Despite the weeks of cross examination, it became clear that Vermaak had no political capital and few allies among the high-ranking officers. He was hung out to dry by the SAPS legal team and management with not a voice being raised in his defence. He was to be treated as a hostile witness when the police tried to introduce his disciplinary record as evidence.

Before he joined the police’s air wing, he was a specialist riot policeman, based on the West Rand from 1986, and through the turmoil of the ‘90s. He saw duty in Kagiso, Bekkersdal, Swannieville and of course, Boipatong, site of another infamous South African massacre in 1992.

A long list of charges, primarily of assault, are on that record of ‘misconduct’. He was never found guilty. For a riot cop who served from 1990 until now, it is difficult to judge if dozens of charges are common or uncommon. From our experience of police brutality as a nation, it is not unexpected to see a list of charges against him. Nor is it unexpected that he was never found guilty, whatever the merits, dubious or otherwise, of those claims.

One incident in particular was brought up by the police lawyers – that of a nasty labour dispute over twenty years ago when striking dairy workers at Stilfontein hacked to death two labour brokers. The dog squad was called in and they were attacked, and some of their weapons stolen. Vermaak led a group of riot police to the rescue.

Immediately upon arriving on the scene, the strikers opened fire on the police. In the confrontation, Vermaak and his unit shot and killed seven of the strikers. Three were shot dead by Vermaak himself. There was a hearing before a magistrate, and Vermaak was judged to have acted in legitimate self defence.

The police lawyer, Semenya, might have brought this incident up to discredit the notion that Vermaak is ‘a decent cop’ or to prove that there are incidents that require public order police to use live ammunition. It will perhaps be clarified in his argument at the end of the Commission.

The third possibility is that it is a warning to other cops who might break ranks – it will not be a pleasant ride.

Our brutal past runs as an unmentioned yet inescapable element within the policing landscape. Even twenty years after democracy, the police are a tainted body, run through with cops who were the sharp point of apartheid to many black citizens, in South Africa proper and in the homeland tribal fiefdoms.

Almost all the cops who have appeared thus far were either white policemen under apartheid, or black policemen in one of the Bantustans. Even the North West’s provincial commissioner was a Bantustan cop, and then worked for the Security Branch.

Vermaak clearly saw a lot of violent action, and contributed his fair share to it. He says it continues to haunt him. For reasons undisclosed, he prefers not to carry a weapon. He also says he does not attend braais, has not done so for years, as the smell of burning meat brings back the horror of necklacings he has witnessed.

Vermaak is a damaged man, a part of a damaged community that is a subset of a damaged society. Yet he has been the one source of hope from within a police force that clearly feels it owes nothing to the citizens, and everything to the state.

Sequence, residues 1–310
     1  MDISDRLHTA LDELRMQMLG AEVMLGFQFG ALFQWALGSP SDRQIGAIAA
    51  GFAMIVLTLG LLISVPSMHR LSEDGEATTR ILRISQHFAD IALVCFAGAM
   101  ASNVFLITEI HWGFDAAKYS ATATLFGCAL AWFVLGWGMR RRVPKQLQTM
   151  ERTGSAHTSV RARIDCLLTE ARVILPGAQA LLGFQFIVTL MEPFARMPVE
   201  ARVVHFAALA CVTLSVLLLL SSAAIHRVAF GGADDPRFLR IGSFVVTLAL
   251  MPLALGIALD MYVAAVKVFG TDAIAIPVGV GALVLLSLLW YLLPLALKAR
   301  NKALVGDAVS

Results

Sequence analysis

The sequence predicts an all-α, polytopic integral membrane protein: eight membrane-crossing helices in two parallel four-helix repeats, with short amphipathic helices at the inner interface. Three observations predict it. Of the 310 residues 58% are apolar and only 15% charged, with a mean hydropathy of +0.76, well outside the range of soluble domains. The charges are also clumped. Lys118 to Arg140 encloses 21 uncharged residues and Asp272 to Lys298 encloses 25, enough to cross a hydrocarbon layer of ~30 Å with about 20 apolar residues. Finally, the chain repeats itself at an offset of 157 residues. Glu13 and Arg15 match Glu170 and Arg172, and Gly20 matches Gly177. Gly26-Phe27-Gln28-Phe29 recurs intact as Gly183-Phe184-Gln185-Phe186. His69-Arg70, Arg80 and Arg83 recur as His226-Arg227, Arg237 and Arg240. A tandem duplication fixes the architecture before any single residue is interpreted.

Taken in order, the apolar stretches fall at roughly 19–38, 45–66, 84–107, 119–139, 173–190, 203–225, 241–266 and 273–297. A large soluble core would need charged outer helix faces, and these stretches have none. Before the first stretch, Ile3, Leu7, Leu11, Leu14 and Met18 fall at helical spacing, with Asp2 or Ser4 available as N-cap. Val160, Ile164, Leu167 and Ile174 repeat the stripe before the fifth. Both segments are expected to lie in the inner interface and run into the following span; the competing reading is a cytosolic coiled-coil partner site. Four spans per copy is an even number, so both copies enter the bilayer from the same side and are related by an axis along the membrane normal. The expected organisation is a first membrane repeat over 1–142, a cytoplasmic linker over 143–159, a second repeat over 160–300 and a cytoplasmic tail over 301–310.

It is for this reason, among others, that the police service, the police ministry and the state are so keen to demonize and diminish Vermaak’s impact on the Commission, as well as on the public in general.

Vermaak first came to Marikana watchers’ notice as the officer that Warrant Officer Heinrich Myburgh came to with allegations that a fellow cop had executed a wounded miner.

A month and a half after the massacre, Myburgh, a dog handler, approached Vermaak and said that “there was an incident at the koppie”. He said he had seen a wounded miner on the ground and as he walked on, he heard a shot from behind him. He turned and saw a cop replacing his pistol in his holster. Myburgh asked him ‘Why did you do that? and the policeman replied, ‘he didnt deserve to live.”

Vermaak says he immediately called Colonel Calitz about the allegation, who then informed Major General Ganasen Naidoo, and the various police commissioners above him. As Daily Maverick reported more than a year ago, it could only have been one of two police officers responsible for this murder – if it indeed happened – yet no charges have been laid.

It is not clear why Myburgh chose Col Vermaak to tell about this; Vermaak was not his commanding officer, nor was he even in the same unit.

Another time that Vermaak’s name comes up is on 13 August, the day three striking miners and two policemen were killed in a clash, three days before the massacre. Vermaak was above the scene in a helicopter and watched as teargas canisters and stun grenades were fired at an apparently docile group of miners.

In the mayhem that followed, two police officers were hacked to death and their firearms stolen. Their colleagues fled, Vermaak testified, instead of helping their embattled mates. Vermaak and Captain Paul Loest of the Tactical Response Team dropped teargas and stun grenades from their helicopter to try to assist the policemen below. It was to no avail. (Incidentally, Loest features in the video from the initial massacre on the 16th again as the cop who eventually calls for the machine-gun armed police to cease fire).